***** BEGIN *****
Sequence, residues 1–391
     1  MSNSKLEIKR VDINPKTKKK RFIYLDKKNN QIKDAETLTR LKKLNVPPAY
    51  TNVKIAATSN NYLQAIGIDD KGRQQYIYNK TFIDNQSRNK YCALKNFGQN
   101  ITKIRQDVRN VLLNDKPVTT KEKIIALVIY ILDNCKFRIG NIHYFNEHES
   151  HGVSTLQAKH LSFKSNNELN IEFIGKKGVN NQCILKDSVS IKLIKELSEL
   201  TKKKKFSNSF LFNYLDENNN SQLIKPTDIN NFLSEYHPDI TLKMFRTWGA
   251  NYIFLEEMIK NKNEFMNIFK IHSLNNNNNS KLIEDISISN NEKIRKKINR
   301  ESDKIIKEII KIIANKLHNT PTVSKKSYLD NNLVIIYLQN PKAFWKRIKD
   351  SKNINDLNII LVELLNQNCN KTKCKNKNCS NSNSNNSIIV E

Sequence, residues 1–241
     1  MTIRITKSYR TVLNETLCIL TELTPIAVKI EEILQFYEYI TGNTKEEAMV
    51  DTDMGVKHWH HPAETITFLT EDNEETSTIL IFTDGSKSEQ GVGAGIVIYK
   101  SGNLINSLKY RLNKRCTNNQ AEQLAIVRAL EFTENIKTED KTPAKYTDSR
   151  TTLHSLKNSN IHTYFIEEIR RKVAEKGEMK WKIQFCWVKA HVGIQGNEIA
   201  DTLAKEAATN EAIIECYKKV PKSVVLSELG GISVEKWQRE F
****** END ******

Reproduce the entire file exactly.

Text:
Sequence, residues 1–391
     1  MSNSKLEIKR VDINPKTKKK RFIYLDKKNN QIKDAETLTR LKKLNVPPAY
    51  TNVKIAATSN NYLQAIGIDD KGRQQYIYNK TFIDNQSRNK YCALKNFGQN
   101  ITKIRQDVRN VLLNDKPVTT KEKIIALVIY ILDNCKFRIG NIHYFNEHES
   151  HGVSTLQAKH LSFKSNNELN IEFIGKKGVN NQCILKDSVS IKLIKELSEL
   201  TKKKKFSNSF LFNYLDENNN SQLIKPTDIN NFLSEYHPDI TLKMFRTWGA
   251  NYIFLEEMIK NKNEFMNIFK IHSLNNNNNS KLIEDISISN NEKIRKKINR
   301  ESDKIIKEII KIIANKLHNT PTVSKKSYLD NNLVIIYLQN PKAFWKRIKD
   351  SKNINDLNII LVELLNQNCN KTKCKNKNCS NSNSNNSIIV E

Sequence, residues 1–241
     1  MTIRITKSYR TVLNETLCIL TELTPIAVKI EEILQFYEYI TGNTKEEAMV
    51  DTDMGVKHWH HPAETITFLT EDNEETSTIL IFTDGSKSEQ GVGAGIVIYK
   101  SGNLINSLKY RLNKRCTNNQ AEQLAIVRAL EFTENIKTED KTPAKYTDSR
   151  TTLHSLKNSN IHTYFIEEIR RKVAEKGEMK WKIQFCWVKA HVGIQGNEIA
   201  DTLAKEAATN EAIIECYKKV PKSVVLSELG GISVEKWQRE F